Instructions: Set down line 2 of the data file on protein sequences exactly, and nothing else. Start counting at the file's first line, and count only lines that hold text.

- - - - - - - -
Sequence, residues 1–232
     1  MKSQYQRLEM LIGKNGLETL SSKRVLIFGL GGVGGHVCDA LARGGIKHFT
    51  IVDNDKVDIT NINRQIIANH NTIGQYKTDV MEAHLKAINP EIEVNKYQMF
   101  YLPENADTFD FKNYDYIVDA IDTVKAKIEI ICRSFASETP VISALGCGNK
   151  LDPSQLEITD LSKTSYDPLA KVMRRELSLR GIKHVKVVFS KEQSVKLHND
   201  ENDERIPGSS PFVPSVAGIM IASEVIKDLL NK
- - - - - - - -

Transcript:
     1  MKSQYQRLEM LIGKNGLETL SSKRVLIFGL GGVGGHVCDA LARGGIKHFT